In light of all of the current issues surrounding the Toyota Prius, the company has responded by preparing to send electronic data recovery (EDR) readers to the U.S. to determine actual data readings from vehicles claimed to be involved with either unintentional acceleration or braking problems. By the end of April, Toyota will have 100 to 150 EDR readers here for use in determining vehicle problems. The company plans to send 400 additional units as soon as they become available.
The EDR reader can be connected to the vehicle's on-board diagnostic equipment and record useful data for Toyota to analyze. The data record includes accelerator pedal activity, brake pedal position, speed and countless other factors present during a claimed vehicle fault. The company currently has only one prototype EDR reader in use within the entire U.S., making assessment of problematic vehicles both time consuming and difficult. With the additional readers coming, the company will be equipped to quickly deal with and hopefully resolve any problems.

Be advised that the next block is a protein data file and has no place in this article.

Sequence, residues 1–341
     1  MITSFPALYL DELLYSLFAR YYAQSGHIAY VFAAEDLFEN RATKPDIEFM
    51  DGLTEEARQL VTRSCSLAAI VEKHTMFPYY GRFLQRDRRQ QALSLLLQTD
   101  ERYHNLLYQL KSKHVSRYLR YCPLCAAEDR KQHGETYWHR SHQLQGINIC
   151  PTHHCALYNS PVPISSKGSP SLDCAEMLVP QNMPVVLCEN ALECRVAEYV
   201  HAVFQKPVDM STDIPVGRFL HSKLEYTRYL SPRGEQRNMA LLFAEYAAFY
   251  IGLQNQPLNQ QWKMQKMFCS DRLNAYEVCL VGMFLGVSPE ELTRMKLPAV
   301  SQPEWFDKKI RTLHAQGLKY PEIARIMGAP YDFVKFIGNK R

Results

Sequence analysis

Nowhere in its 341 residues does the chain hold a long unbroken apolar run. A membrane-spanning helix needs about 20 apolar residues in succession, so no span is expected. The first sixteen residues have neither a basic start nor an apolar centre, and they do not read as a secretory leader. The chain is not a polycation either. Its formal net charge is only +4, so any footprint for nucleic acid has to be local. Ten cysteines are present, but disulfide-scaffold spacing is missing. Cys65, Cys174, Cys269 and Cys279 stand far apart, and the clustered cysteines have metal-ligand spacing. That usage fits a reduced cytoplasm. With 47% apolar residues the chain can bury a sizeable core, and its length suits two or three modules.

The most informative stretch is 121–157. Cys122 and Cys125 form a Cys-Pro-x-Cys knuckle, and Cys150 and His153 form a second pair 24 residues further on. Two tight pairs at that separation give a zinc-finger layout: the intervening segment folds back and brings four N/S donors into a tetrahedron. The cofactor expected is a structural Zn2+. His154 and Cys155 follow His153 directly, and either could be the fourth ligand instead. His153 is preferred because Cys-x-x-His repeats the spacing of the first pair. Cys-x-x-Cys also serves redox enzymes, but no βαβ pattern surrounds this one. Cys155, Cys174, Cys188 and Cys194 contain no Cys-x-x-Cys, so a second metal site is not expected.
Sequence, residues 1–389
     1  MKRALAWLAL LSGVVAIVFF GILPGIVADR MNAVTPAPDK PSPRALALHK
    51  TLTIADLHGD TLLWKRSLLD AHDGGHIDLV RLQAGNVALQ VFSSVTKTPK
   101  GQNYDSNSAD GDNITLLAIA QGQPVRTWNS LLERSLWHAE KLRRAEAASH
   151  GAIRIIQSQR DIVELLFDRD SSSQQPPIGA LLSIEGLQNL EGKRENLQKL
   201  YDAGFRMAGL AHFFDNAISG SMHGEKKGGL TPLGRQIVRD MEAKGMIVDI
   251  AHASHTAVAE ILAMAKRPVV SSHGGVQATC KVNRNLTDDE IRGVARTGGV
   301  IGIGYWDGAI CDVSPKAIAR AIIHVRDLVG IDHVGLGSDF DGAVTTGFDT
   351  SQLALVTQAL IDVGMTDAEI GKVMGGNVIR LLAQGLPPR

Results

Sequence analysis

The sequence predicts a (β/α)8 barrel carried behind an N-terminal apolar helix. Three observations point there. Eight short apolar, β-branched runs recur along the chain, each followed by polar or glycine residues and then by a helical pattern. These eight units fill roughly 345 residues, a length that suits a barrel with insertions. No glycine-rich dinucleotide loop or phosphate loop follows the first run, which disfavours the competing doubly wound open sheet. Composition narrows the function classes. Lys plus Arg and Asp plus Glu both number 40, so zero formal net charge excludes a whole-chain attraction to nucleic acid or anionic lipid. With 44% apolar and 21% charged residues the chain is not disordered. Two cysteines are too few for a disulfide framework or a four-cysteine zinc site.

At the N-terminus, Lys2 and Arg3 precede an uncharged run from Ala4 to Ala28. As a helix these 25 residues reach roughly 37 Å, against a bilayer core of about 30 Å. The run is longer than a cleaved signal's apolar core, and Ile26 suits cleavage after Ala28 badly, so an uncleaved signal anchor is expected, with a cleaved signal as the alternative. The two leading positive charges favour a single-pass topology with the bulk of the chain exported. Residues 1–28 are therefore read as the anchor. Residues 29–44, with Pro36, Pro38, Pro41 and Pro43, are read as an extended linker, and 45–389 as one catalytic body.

The vehicle's on-board EDR, commonly termed black boxes, records real-time driving parameters in a method similar to flight data recorders. NHTSA has required that, beginning in 2013, EDR information be available to consumers through reader devices on vehicles equipped with EDRs. Currently, this data is only available to automakers and investigators or consumers by court order.